Real Estate: Gap housing

Gap housing market needs major attention

Gap housing market needs major attention, says deputy finance minister
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Despite government making good progress with a number of initiatives to enable greater access to affordable housing opportunities, much work remains, says deputy minister of finance Musa Nene. And, he says, the private sector can and should play a significant role in making such opportunities a reality.

The plight of the 'gap market' was given prominence by President Jacob Zuma in his State of the Nation Address in 2012 and again this year. The gap – or affordable market – comprises people who earn too much to qualify for government-subsidised housing and but not enough for homes in the traditional private market. Additionally, there is a major lack of available stock in this sector.

Delivering the keynote address at the recent investor conference of global private equity funder International Housing Solutions (IHS) in Johannesburg, Nene pointed out that the transformation of human settlements and spatial development – to create the conditions for more humane and environmentally sustainable living and working environments – was a key component of South Africa’s growth and employment-focused National Development Plan (NDP). Urgently addressing the needs of the gap market was, in turn, a central part of this, he said.

As a pioneer of affordable housing development in southern Africa, IHS has thus far successfully placed R1.9-billion in equity funding enabling the construction of 27 000 affordable housing units in South Africa. The company’s latest conference was attended by major local and global investors drawn to the potential of the sector.

Nene sketched the ongoing fragility of the global economy and its growth prospects. He again pointed out that South Africa is not immune to the poor growth outlook and referred to the country’s revised growth outlook. In his latest budget speech, finance minister Pravin Gordhan said gross domestic product growth was expected to be 2.7% in 2013, rising to 3.8% in 2015.

“But we require much faster and sustained growth to address our socio-economic challenges,” said Nene. The government’s plan to improve GDP growth, create jobs and eradicate poverty is captured in the NDP, of which the transformation of human settlements is a key element, he added.

“Although our budget forecasts may require some downward revision, we expect that a rebound in private sector investment and the improved capacity from higher government spending on infrastructure will raise growth levels from 2014 onward.”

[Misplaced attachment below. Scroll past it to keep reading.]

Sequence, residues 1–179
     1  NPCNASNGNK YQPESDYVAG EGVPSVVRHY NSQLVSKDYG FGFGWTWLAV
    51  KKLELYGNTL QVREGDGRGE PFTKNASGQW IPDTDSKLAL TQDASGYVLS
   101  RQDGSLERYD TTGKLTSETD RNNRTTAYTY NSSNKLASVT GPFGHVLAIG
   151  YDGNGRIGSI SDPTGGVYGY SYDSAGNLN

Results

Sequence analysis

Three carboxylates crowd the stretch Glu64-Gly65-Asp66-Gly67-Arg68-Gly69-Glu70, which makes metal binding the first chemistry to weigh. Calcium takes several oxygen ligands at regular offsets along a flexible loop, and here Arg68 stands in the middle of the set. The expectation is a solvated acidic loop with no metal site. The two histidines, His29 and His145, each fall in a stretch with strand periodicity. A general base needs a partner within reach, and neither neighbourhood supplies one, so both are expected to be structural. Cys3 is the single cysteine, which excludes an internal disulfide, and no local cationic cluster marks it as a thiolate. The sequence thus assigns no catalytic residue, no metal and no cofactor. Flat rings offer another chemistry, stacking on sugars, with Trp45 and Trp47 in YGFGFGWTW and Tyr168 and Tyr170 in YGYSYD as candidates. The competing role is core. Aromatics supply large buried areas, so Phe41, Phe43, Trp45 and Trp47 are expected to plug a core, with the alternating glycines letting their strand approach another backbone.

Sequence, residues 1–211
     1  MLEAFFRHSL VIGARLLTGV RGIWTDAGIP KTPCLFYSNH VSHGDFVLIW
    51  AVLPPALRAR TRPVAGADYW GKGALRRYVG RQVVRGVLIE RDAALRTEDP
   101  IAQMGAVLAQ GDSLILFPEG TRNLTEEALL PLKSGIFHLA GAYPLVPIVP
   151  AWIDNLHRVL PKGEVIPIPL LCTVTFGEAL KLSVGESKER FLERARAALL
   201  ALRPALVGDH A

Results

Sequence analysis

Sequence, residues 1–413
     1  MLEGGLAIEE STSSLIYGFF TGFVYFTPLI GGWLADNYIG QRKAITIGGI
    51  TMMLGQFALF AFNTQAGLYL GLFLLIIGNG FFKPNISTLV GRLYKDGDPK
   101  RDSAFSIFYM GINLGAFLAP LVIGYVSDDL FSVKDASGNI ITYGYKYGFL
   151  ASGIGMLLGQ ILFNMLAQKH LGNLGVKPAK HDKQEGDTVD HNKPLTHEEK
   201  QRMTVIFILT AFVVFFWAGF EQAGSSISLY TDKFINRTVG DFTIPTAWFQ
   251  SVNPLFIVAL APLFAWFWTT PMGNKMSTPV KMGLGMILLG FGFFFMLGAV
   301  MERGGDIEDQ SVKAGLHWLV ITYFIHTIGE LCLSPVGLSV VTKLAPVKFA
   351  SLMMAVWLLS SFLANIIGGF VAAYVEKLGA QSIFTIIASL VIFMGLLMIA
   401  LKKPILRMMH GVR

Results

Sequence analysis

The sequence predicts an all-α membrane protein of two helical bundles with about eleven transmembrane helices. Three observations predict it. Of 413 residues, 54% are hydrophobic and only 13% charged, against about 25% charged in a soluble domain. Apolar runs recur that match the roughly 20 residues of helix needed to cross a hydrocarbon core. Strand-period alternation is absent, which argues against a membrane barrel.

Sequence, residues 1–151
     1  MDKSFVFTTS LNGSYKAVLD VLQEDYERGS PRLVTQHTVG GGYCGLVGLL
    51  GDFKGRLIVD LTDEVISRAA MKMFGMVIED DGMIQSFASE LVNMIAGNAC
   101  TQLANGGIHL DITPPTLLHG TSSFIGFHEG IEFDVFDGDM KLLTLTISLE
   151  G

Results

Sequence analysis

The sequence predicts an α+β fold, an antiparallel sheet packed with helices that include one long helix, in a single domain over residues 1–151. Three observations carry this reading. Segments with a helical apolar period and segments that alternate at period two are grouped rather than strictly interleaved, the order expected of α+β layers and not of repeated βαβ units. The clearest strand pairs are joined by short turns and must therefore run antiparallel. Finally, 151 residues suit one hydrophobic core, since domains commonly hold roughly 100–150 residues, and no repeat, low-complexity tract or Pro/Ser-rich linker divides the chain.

According to Nene, the 2011 Census showed that 78.4% of South Africa’s 14.5-million households live in formal housing.

The government-subsidised housing programme has provided housing opportunities to over 20% of the population. The home ownership rate, confirmed by the census, is 53%.

“The census also confirmed that the lowest home ownership rates are among households who have no income (48% ownership) and households with a monthly income between R3 200 and R6 300 per month (49% ownership),” said Nene.

While government is addressing the plight of the poorest segment, the deputy minister referred to the various initiatives launched by government to enable more households in the gap market segment to obtain houses.

One of these is the Finance Linked Individual Subsidy Programme of the department of human settlements, announced by President Zuma last year. In his most recent State of the Nation Address he reported that, in 2012, provincial departments committed a budget of R126-million of the Human Settlements Development Grant for this programme. Some R70m has already gone to 12 registered projects while a further eight gap housing projects are currently underway.

In his budget speech, Minister Gordhan again reiterated that South Africa is a rapidly urbanising society with 62% of its people living in cities and towns, and needs to meet urgent demand for housing, among other things. He announced that funding for improving human settlements was to be increased from R26.2bn to R30.5bn over the next three years.

Other initiatives to support mechanisms to increase the supply of affordable housing listed by Nene include the Urban Settlements Development Grant introduced to metropolitan municipalities in 2011, the Cities Support Programme, and tax incentives to developers building houses with a sale value of up to R300 000 per house.

To overcome the resistance among banks to grant loans to this segment, the national treasury and the department of human settlements are working together to find credit-enhancement mechanisms that would assist households in this respect.

Referring to the achievements of IHS in South Africa in developing the affordable housing market, Nene said: “This is the kind of commitment we want to see from the private sector.”

He warned against the “many naysayers” saying it was “easy to get caught up in the immediate negative headlines and environment” and avoid investing in South Africa. Yet, South Africa remained a “worthy and attractive investment destination”, he said.

Adding her voice to Nene’s, Soula Proxenos, managing partner at IHS, said private equity investment is key to Africa, as public markets are not well-developed.

“Private equity is an ideal way to build up capacity, capitalise young business and drive large entities," she said.

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